Sunday, October 16, 2016

Wrong Turn, Right Result

Maybe you were booked for Capri and wound up on the Amalfi Coast instead. 

Or perhaps a visit to the Uffizi paintings became a tour of Renaissance Florence. You could fret, weep, or storm. But wouldn’t you rather appreciate what turned out, instead of what you planned?

You could be pleasantly surprised. This pertains to fiction, as well.

~ Wrong Turn with Your Characters

Don’t save every minor character you introduced just because they’re now “alive.”

Do seek ways to make three minor characters into one. 

Do add unexpected discoveries, which are nearly always the best ones. Did you accidentally discover that your Georgina enjoys Brussel Sprouts or Latin dancing? Who knew that Hector excels at chess, Judo, or solving the Rubric Cube?

~ Wrong Turn with Your Plot

Don’t keep broadening or, worse, repeating.

Do dig deeper. There’s no better antidote for nothing happening. Seek innovative solutions to stagnation. This might be another source of tension (as opposed to yet another character), or what Noah Lukeman calls “a ticking clock,” or an archetypal struggle, such as honor versus expediency.

Do think in terms of causality. How does this event or emotion yield? If your protagonist refuses to confront another character about betrayal, what is the result? And, as Don Maass instructs, avoid picking the first possibility that comes to mind. It comes first to everyone else’s mind, too.

~ Wrong Turn with Point of View

Don’t jump on the easiest solution.

Do use physical behavior or setting to convey the character thoughts that go beyond the scope of your chosen perspective. You might look up how Edith Wharton accomplishes this at the beginning of “The House of Mirth.”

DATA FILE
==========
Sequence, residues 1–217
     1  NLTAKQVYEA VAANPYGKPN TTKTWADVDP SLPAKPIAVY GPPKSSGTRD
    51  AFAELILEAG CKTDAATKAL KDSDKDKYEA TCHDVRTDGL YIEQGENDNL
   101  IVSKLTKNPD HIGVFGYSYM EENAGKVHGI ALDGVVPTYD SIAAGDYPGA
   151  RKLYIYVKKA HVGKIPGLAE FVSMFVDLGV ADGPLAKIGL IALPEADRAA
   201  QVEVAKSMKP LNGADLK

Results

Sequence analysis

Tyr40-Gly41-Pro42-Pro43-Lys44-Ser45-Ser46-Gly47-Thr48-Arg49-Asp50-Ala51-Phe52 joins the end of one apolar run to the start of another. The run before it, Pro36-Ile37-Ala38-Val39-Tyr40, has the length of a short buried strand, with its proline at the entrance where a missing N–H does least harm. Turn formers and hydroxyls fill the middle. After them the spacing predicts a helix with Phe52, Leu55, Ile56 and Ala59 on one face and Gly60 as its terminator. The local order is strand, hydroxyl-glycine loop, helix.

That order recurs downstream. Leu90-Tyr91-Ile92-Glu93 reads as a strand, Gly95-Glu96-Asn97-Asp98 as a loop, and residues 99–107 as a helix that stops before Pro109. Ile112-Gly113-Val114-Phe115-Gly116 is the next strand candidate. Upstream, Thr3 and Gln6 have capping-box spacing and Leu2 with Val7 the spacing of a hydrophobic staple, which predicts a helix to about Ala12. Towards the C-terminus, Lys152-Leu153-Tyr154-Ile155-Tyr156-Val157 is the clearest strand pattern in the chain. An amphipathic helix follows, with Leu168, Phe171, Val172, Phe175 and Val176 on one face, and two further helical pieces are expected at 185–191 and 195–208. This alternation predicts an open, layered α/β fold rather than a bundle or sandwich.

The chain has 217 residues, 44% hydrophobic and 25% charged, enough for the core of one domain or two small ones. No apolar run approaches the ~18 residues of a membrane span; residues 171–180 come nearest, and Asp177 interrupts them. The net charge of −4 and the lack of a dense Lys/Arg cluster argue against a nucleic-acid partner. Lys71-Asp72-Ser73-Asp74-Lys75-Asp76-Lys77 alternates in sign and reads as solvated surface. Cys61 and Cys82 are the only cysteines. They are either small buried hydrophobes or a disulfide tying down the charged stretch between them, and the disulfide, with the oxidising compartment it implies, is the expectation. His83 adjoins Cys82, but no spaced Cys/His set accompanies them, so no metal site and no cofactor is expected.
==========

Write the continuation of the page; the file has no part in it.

Do pursue an alternative direction. What’s another way to communicate what your point of view can’t legitimately capture?

~ Wrong Turn with a Scene’s Opening

Don’t follow Alice into a nightmarish Wonderland just because you started that way.

Do start every scene with a hook. That’s a great way to know where you’re going before you get too far.

Do start the scene later. You’ll often speed momentum and raise tension by deleting the first few paragraphs.

Do experiment with variations. How else could this happen? Again, focus on cause and effect.

~ Wrong Turn with an Entire Scene

Don’t feel you should keep it just because you wrote it.

Do look for opportunities to collapse entire scenes into a paragraph or so of summary. When you do that, be concrete and explicit. Character emotions are a terrific way to collapse time, plot, or both.

Tip: Like most things in life, fiction benefits from making lemons into lemonade.

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